I recently finished watching season one the BBC/FX show Taboo, and boy am I ready for Season Two. I felt compelled to write about this show because A). It was really enjoyable and B). I don’t feel like very many people are talking about it. The first thing that you should know about Taboo is that it’s a passion project for actor Tom Hardy. There are a number of great performances on Taboo, but the show is a showcase for Hardy’s particular brand of scowling and grunting. If you can’t stand Hardy or find is mumbling to be insufferable, stay the hell away from Taboo. But if you’re like me, and you can’t get enough of the weirdly likable actor, then Taboo is the show for you.
A crossbreed of Dickens, Alexandre Dumas’ The Count of Monte Cristo, with a dash of Peaky Blinders (another great Hardy show), Taboo is set in 1814 England. The show is about the unexpected return of Hardy’s character, James Keziah Delaney, from Africa after he’s long presumed dead. Delaney returns mysteriously up just in time for his father’s funeral and to foul-up the plans on the ghoulish vultures circling his estate. A prime piece of contention: Nootka Sound, a barren chunk of the New World that England and the United States are desperate to acquire for…well reasons. The East India Trading Company, the World’s first mega-corporation, is hellbent on getting this property and offers to buy it from Delaney who mysteriously knows the land is super-important and turns them down. Thus begins a game of cat and mouse between Hardy’s character and the Company led by the deliciously villainous Johnathan Pryce (who is also a fantastic villain on Game of Thrones).
The first season plays out over eight episodes, so it’s not a huge commitment if, like me, you aren’t looking to get involved in a sprawling epic. The show’s production values and acting are all top notch, not sure for a television show, either. One gets the impression that Taboo could have been a film at one point but was turned into a miniseries. The complaints I’ve read about the show (other than Hardy’s mumbling/grunting) all seem to focus on the speed by which the plot is doled out. Some online have complained that that show is “slow,” but I disagree. The story moves along quite nicely and features murder, betrayal, spying, international intrigue, incest, and even cross dressing. There’s a somewhat mystical component to Delaney that I won’t get into for fear of spoilers, but the show does a nice job balancing what is real and what is surreal, and by the end, it’s still not 100% clear how Delaney knows as much as he does. Some people might be turned off by the inclusion of a dash (just a dash) of the occult/supernatural into what is otherwise a very gritty crime story. I was fine with it because Hardy sells the shit out of his tough-as-nails but haunted character.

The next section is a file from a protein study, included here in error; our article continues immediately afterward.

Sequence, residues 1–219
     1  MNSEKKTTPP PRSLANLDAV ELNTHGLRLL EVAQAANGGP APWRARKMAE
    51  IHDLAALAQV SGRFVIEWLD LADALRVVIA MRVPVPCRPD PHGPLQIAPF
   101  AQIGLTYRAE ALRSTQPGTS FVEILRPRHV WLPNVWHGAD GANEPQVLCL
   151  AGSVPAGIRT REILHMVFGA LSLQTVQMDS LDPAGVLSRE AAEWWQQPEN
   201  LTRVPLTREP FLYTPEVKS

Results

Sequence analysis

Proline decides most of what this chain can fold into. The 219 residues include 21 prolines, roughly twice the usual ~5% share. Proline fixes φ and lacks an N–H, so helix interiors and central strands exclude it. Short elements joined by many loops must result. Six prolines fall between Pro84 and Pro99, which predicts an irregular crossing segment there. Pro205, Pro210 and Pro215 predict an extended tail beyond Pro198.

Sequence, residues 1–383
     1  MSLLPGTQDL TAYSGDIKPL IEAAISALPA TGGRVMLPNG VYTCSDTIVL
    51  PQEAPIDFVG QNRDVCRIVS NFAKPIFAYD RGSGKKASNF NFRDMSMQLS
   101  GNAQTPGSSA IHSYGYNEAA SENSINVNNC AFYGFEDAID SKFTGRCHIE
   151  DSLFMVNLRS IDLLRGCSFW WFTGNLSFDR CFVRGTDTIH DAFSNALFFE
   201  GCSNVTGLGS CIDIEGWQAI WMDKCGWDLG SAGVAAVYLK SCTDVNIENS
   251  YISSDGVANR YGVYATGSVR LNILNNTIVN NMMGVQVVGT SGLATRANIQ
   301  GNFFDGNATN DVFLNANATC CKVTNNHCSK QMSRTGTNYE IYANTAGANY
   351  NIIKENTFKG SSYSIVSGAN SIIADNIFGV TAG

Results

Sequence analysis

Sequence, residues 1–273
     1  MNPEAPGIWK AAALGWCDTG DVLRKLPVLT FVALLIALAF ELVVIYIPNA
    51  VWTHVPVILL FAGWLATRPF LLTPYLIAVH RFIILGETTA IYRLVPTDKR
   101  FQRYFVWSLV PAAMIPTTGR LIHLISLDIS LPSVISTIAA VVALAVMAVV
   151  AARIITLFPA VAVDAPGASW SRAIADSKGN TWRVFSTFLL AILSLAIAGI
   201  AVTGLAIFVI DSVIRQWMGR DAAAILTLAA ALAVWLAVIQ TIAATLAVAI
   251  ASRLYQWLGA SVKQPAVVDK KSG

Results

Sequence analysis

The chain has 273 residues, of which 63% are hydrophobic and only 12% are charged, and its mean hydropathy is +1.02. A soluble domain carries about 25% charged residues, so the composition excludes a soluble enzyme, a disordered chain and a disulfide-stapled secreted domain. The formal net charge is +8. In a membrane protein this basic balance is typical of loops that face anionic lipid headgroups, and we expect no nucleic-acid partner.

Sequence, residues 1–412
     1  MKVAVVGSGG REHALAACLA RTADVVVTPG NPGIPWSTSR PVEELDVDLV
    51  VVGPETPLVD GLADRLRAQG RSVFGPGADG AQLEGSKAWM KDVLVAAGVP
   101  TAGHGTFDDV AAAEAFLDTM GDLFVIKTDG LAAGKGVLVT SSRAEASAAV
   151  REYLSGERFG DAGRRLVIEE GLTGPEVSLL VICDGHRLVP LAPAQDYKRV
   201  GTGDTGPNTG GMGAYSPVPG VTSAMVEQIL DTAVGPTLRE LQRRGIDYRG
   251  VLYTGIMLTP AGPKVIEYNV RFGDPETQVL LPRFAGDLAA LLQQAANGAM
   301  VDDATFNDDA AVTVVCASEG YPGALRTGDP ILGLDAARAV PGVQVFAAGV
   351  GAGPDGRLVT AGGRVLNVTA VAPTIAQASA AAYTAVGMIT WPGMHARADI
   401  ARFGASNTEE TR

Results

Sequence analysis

While the show is very well done, the story is pretty much the stuff of airport paperbacks. And while the show does offer a few surprises, most of the story beats feel familiar enough that nothing truly shocks you. So what makes Taboo worth watching? The strength of Hardy’s performance coupled with a fantastic supporting cast is what elevates Taboo above the other period-set dramas. Compared to say, Hell on Wheels or Vikings this show is a fucking masterpiece (and those are both pretty good shows). I think the other thing that helped raise the bar on this show was the backing of the BBC which always turns out quality programming.
We live in a time wherein there are a million-and-one Netflix shows, and something like Taboo could sail under your radar if you let it. Don’t sleep on this show, however, because it’s worth your time. And hey, it’s only an eight-hour commitment. Can’t you commit to Tom Hardy for eight hours? After I had finished the show, I read online that the series has a green light for two more seasons. Normally I’d be pretty skeptical about two more seasons of a show like Taboo, but (and again I have to be careful due to spoilers) let’s just say there’s no worry that Season 2 will be a mere retread of Season 1. Taboo doesn’t do that thing a lot of serialized TV does and merely spin its wheels to maintain a status quo–this is a story, and it moves forward quite nicely. I eagerly anticipate more grunting and mumbling in Season 2.